Market Overview

The CAPE Is Extreme, Should You Reduce Exposure To The S&P 500 Now? Part II


A previous article examined the relationship between the S&P 500 and the cyclically-adjusted price/earnings ratio (CAPE) for the S&P 500. The ratio today is at a stratospheric level that has only been reached twice since 1871, first in September 1929 before the Great Depression, and again in December 1999, before the tech bubble burst.

In the previous article, we stated that the CAPE provides useful information when it is extremely high or low. We concluded that article by noting that, given current CAPE levels, perhaps now is a good time to think about reducing exposure to US equities. In this article, I want to explore other factors that support this decision.

The deregulation and liberalization of the financial markets during the 1980's fueled the explosive growth in credit and asset prices (see chart below). Positive feedbacks between credit creation and asset prices generated a series of boom-bust cycles that resulted in a number of crises, including the stock market crash of 1987 (thirty years ago today!), the thrift crisis, Russia/LTCM and the tech bubble. The continuation of this pattern in part reflected the Fed’s decision to conduct an asymmetric monetary policy, leaving markets alone as prices appreciated, only to intervene when they threatened to collapse (“Greenspan Put”).

These financial cycles persisted until eventually, they ended in tears during the global financial crisis of 2007-2008. When the financial system threatened to collapse in 2007-2008, the Fed chose to bail out various financial institutions and markets, effectively becoming the market-maker of last resort. It then implemented Quantitative Easing (QE) policies in late-2008. These policies (see chart from Ed Yardeni below) fueled a renewed surge in US equity prices that coincided with QE1, QE2 and QE3.

Quantitative Easing policies boosted asset prices and lowered the cost of borrowing, but ultimately had very little impact on real economic growth (aka, Main Street). When the economy is depressed (in a balance sheet recession), lower interest rates do not spur borrowing to finance real economic activity (capital formation and production of goods and services), given the generalized reluctance to borrow or lend. Lower interest rates instead stimulated asset prices (e.g., US equities, bonds, etc.). These policies benefited households that owned financial assets, primarily the top 20% of the income distribution, which as of 1983 (according to the Fed’s Survey of Consumer Finances) owned 81% of all wealth. By 2013, their share of ownership had increased to 89%.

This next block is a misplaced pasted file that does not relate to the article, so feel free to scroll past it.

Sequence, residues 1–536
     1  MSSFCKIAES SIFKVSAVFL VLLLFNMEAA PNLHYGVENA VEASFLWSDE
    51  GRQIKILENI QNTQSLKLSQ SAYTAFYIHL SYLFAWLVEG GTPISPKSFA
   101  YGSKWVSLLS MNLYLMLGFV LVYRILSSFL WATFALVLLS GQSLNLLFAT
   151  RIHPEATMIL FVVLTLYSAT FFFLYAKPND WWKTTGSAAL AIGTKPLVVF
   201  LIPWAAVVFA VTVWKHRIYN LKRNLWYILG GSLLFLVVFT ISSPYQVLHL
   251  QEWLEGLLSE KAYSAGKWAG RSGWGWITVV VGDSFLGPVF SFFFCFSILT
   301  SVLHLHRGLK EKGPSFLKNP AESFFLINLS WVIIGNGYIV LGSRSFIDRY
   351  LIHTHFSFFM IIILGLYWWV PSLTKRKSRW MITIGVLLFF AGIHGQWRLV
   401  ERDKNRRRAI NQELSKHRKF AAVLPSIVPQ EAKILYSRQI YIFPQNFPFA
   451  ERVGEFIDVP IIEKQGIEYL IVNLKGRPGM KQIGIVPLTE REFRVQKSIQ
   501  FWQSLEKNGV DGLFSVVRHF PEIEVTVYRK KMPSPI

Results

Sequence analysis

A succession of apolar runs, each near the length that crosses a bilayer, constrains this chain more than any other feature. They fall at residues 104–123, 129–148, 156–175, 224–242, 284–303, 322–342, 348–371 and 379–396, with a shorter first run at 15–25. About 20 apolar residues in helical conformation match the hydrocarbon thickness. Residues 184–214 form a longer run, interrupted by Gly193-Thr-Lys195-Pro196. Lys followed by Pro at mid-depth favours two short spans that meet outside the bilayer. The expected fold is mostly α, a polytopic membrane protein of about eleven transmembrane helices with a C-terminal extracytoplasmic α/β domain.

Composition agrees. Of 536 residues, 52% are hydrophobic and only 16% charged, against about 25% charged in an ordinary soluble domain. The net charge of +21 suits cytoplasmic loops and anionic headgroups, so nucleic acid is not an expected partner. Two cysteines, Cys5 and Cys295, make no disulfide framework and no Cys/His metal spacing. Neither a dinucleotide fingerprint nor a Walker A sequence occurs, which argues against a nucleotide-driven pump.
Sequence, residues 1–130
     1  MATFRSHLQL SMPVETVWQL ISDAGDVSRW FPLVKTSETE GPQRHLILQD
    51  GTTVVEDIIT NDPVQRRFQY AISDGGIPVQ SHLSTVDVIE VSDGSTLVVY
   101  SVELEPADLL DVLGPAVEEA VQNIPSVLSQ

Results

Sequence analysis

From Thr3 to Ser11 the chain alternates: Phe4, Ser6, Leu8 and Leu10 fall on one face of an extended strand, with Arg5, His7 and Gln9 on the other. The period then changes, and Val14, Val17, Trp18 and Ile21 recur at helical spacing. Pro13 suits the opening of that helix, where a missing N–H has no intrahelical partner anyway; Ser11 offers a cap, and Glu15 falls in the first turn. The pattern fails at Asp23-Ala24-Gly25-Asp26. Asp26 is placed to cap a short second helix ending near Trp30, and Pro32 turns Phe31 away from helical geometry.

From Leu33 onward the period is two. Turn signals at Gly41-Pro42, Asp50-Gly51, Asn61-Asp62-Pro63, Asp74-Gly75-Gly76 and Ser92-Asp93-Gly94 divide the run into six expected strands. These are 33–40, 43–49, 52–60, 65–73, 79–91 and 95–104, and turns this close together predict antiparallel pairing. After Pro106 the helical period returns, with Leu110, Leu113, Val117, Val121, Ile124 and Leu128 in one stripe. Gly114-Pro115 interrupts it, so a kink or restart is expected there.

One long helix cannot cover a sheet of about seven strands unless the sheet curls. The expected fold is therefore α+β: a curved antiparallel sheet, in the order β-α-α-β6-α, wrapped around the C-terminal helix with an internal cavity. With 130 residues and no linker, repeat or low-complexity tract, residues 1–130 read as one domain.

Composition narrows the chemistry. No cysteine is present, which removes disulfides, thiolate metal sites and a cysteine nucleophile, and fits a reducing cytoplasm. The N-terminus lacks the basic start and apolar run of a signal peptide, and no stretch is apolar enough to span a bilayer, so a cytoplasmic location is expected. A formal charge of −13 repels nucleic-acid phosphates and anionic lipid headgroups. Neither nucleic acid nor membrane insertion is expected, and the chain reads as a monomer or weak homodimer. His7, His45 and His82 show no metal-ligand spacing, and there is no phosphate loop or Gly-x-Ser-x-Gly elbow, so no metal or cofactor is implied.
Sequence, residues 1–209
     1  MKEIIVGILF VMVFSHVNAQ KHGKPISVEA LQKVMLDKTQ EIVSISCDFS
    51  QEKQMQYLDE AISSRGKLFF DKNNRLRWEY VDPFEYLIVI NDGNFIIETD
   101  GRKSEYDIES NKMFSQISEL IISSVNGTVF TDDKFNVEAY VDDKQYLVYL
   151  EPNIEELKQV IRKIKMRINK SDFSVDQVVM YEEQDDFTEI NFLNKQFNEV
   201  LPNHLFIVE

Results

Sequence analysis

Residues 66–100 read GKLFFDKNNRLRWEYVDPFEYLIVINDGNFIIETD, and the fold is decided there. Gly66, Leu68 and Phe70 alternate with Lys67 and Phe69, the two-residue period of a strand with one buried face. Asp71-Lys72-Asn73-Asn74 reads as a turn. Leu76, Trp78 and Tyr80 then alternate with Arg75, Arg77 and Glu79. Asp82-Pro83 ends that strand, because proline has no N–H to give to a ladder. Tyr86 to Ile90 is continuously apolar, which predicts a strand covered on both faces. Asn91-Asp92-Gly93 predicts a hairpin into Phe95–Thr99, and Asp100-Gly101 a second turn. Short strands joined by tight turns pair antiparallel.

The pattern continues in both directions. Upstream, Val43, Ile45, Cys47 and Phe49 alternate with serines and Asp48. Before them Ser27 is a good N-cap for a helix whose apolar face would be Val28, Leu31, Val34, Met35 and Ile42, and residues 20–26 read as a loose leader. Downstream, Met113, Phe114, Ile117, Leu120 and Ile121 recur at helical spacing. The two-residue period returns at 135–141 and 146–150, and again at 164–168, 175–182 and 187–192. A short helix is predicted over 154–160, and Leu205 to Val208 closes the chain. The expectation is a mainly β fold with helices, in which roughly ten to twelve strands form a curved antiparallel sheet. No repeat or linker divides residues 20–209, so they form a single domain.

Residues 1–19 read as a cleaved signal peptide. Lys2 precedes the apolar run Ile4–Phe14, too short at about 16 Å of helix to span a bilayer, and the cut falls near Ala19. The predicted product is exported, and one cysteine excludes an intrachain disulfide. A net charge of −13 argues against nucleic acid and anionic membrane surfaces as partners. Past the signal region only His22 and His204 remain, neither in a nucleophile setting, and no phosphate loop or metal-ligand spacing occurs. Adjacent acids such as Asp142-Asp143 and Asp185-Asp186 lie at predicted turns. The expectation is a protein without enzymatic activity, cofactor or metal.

What was badly needed (as pointed out by Amir Mian and Atif Sufi in their book, House of Debt) was a substantial fiscal expansion that targeted reductions in the debt ratios of the bottom 80% of households in the economy. Reportedly, 60% of the wealth held by the bottom 80% was in its principal residence, and housing prices declined by 30%, leaving many homeowners indebted without little in the way of an offsetting asset. Given that this segment of the population has a much higher marginal propensity to consume than the top 20%, reducing their debt levels would have more effectively stimulated aggregate demand and real economic growth. However, such a plan was not deemed politically acceptable at the time.

The biggest challenge the US economy faces today is the legacy of financialization, namely the continued excessive debt burden carried by the bottom 80% of households. Historically, this segment of the population consumes most of what it earns. However, encumbered today by high levels of debt, this segment is unable to fulfill its historic role. QE policies did nothing to address or mitigate the burgeoning debt stock within the bottom 80%, other than possibly providing a temporary respite, via lower debt service costs. These households remain unable to drive aggregate demand, which explains why real economic growth remains so weak.

US Equity Valuations: Downward Pressure